Warning: Declaration of ElementorPro\Modules\Posts\Skins\Skin_Content_Base::register_controls(Elementor\Widget_Base $widget) should be compatible with Elementor\Controls_Stack::register_controls() in /home/customer/www/ on line 30

In traditional trading systems, they are called indicators; in machine learning systems, they are called predictors, independent variables, or features.  They are the data series that we hope contains signals that precede profitable trades.    

Assume we are working with daily data, and have a data point for each day.  We want to develop a classification model that separates the data points into two classes — whether to hold a long position or remain flat.  And assume we have an ideal indicator that has a range of values from 0 to 100.  We are looking for a functional relationship where the value of the indicator determines the value of the class.  An ideal indicator gives a perfect separation and the task is easy.

Assume the ideal indicator is the 2-period RSI, and it is perfect.  The lower the value of the RSI, the better the long position.  Whenever the RSI is below 50, we want to beLong; whenever it is above 50, we want to beFlat.  We are separating the trade position based on the RSI value.  We are separating the chart with a horizontal line — beLong above the classification line, beFlat below the classification line — based on the value of a vertical line — beLong to the left of the RSI==50 line, beFlat to the right of the RSI==50 line. 

This is a classical functional relationship.  Pick an input value along the horizontal axis (the independent variable), go up to find the line representing the function (the string of dots), go left to find the associated output value (the target).     

That was too good to be true.  In the next example, there is some noise and relationship is still good, but not perfect. 

We have to compromise.  If we continue to divide the days with a vertical line at RSI==50, we get some losing trades.  See the small dotted box to the left of the RSI==50 line.  If we want to avoid all losing trades, we must change the value at which the vertical line is drawn from RSI==50 to RSI==38.  That removes all the losing trades, but also eliminates some profitable trades.  See the dotted box to the right of the RSI==38 vertical line.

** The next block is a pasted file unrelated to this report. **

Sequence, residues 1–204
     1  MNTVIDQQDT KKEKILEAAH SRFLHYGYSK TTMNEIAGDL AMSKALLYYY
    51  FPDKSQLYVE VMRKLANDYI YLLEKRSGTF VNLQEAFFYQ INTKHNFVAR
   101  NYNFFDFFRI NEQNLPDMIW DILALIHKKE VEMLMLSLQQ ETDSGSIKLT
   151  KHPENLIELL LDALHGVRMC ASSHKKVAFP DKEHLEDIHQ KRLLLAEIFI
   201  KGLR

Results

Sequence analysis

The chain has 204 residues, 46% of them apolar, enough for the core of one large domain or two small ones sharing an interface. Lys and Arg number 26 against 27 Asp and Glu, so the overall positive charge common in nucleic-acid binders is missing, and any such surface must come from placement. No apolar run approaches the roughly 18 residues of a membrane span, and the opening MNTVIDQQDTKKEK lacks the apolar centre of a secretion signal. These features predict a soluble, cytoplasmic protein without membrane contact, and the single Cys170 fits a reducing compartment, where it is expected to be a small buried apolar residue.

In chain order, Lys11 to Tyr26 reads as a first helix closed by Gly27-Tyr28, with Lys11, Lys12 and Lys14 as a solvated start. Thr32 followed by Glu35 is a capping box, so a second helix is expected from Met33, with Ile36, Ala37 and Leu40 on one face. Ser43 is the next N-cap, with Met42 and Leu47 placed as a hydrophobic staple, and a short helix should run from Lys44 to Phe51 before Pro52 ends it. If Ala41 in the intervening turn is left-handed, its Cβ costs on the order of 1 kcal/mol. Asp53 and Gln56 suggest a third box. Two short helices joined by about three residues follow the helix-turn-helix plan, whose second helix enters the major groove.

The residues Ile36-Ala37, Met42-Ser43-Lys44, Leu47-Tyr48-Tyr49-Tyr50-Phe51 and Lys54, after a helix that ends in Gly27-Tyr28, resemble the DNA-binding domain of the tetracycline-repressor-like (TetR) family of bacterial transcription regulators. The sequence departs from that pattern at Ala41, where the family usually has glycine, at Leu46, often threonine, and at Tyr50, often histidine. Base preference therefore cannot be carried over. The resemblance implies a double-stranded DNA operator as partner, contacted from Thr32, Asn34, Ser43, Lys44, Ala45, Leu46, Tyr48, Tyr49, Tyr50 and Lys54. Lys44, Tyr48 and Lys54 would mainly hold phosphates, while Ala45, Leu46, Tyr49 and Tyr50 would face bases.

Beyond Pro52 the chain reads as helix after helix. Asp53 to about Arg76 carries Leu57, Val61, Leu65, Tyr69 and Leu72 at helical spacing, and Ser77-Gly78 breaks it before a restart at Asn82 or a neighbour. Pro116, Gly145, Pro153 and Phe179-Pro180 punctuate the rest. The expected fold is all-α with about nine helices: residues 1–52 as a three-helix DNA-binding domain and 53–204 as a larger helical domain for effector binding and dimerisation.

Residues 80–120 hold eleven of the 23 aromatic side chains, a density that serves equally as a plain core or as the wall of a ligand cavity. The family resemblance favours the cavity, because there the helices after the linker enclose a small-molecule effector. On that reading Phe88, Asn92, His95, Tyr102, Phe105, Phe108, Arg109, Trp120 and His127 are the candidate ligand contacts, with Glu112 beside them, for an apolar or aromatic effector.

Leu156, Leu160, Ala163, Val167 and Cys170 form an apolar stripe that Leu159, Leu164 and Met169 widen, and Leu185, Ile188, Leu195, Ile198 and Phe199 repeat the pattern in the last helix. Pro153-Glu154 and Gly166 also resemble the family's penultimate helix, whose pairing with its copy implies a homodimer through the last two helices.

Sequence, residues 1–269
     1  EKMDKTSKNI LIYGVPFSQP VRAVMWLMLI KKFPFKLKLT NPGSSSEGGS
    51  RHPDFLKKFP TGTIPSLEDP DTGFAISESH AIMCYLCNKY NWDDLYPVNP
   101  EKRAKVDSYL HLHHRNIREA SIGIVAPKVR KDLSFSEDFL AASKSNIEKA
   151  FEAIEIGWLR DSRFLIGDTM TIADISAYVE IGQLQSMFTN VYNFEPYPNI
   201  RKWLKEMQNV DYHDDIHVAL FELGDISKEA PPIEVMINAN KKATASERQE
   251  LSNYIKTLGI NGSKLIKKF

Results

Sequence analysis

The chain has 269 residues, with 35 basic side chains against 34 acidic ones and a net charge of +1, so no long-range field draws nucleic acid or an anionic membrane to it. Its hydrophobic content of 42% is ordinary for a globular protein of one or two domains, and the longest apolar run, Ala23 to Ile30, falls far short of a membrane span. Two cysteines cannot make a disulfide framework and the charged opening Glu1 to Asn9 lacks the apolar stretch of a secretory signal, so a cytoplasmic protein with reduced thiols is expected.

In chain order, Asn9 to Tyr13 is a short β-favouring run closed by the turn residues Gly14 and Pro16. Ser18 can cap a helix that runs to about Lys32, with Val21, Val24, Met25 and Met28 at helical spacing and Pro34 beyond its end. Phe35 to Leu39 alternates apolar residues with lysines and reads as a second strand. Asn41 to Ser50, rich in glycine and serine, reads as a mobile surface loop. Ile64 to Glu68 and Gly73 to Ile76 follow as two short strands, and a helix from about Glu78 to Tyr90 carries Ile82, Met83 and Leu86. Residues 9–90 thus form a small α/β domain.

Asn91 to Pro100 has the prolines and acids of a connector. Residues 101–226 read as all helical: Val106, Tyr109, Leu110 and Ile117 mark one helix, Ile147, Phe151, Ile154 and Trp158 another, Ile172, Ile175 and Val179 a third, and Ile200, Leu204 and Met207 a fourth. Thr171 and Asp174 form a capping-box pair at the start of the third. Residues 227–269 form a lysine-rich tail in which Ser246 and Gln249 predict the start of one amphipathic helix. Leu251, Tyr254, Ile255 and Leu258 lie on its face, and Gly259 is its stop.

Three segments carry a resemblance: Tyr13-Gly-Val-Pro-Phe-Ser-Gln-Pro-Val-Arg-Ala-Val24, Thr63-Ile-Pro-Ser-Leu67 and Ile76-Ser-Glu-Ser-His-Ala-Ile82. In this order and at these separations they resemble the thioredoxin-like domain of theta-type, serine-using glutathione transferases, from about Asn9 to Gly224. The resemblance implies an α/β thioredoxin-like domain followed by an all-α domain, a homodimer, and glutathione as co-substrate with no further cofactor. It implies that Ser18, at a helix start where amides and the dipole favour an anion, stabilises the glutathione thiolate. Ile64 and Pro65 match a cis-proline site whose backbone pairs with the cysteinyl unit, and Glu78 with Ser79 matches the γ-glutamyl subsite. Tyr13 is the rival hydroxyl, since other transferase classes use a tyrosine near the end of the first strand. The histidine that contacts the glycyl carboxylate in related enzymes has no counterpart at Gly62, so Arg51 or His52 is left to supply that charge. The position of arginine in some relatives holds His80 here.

Where should the vertical line be set?  We are trading off allowing real losses (when RSI==50) against lost opportunity (when RSI==38).  We should compute the risk-normalized profit potential of these alternatives and choose the one that gives the highest CAR25.  Our research, backed by compelling mathematics, shows that avoiding losing trades is more valuable than forgoing profit opportunity.  We do not know exactly where to place the vertical line until we have performed the risk-normalization calculation of safe-f and CAR25.

Unfortunately, the relationship between RSI and trade is far less clear when real data is examined.  The next chart shows the relationship between the 2-period RSI and the gain for the next day for several years for SPY.  The best value for the RSI indicator — the vertical line — as determined by optimization, is 36.  The correlation suggests the relationship is almost random.  The 2-period RSI is one of the better indicators, yet it is inadequate.  

Feature engineering

Discovering or designing indicators that have predictive value is the most important aspect of trading system development.  It is the aspect where you will spend most of your time and effort.   For traditional trading systems, this is described as indicator optimization.  As you read machine learning literature, it is called feature engineering.

What features have, or at least have the potential to have, predictive value?   

Recall the mantra:

  • Trade frequently
  • Trade accurately
  • Hold a short period
  • Avoid losses
  • Mark-to-market daily

The optimum holding period is one or two days.  Since the gain per trade for a one or two day trade is relatively low, we need a high number of them per year — say 25 or more.  The trading signal changes only when the indicator changes.  So trading frequently requires indicators that change frequently.  There must be something unique about the indicator that gives the signal.  In mathematical terms, there must be a high proportion of days when the indicator function has a zero.  For example, when the 2-period RSI is equal to 36 the corresponding equation that has a zero is RSI(2)-36 == 0.

At high enough frequency to give enough trades per year, all indicators based on price are equivalent.  RSI, z-score, fast stochastic, detrended price oscillator, etc.  Pick your favorite.  But just one.

You might find more value in adding auxiliary variables that are not based on the price of the issue being traded.  For examples: interest rates, currencies, commodities, and intra-market variables.  Tune those to have a high frequency of zeros, as well.


A commonly heard suggestion is to “trade with the trend,” where the trend is defined by an upward sloping long-lookback moving average.  For example, permit long positions only when MA(C,200) > 0.0. 

The only way to determine whether that is a good idea or not is to fit the model using that rule and run two tests — one using the filter, the second not using the filter.  Then evaluate CAR25 for each.     

My experience is that filters that block long periods of time are counterproductive.  But you should test using your data, your indicators, and your risk tolerance.

Next — Models — Introduction

Back to System Development